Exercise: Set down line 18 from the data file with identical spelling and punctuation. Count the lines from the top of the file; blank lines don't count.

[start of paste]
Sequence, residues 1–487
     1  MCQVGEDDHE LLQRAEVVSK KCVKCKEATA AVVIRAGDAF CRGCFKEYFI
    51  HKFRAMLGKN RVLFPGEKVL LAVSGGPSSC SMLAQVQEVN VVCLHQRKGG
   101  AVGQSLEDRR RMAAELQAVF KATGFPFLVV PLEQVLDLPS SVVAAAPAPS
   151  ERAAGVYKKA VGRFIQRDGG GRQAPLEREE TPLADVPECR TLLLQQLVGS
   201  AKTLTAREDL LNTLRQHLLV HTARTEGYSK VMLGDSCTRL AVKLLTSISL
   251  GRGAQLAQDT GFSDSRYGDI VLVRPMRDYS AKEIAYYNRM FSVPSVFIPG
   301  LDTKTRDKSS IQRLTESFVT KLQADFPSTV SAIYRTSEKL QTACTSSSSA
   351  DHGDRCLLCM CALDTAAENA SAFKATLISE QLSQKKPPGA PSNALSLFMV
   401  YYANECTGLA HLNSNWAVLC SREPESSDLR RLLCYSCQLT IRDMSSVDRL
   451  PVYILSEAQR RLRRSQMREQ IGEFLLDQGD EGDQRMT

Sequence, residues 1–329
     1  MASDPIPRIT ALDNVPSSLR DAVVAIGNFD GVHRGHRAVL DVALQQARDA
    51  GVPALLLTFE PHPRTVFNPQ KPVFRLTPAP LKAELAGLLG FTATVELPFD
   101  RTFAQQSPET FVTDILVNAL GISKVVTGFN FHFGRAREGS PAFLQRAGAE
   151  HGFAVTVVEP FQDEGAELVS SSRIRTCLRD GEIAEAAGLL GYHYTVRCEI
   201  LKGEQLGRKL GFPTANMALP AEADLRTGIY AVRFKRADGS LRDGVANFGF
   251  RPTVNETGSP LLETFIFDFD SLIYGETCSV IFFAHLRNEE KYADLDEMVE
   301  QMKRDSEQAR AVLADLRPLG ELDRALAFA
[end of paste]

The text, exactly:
   251  RPTVNETGSP LLETFIFDFD SLIYGETCSV IFFAHLRNEE KYADLDEMVE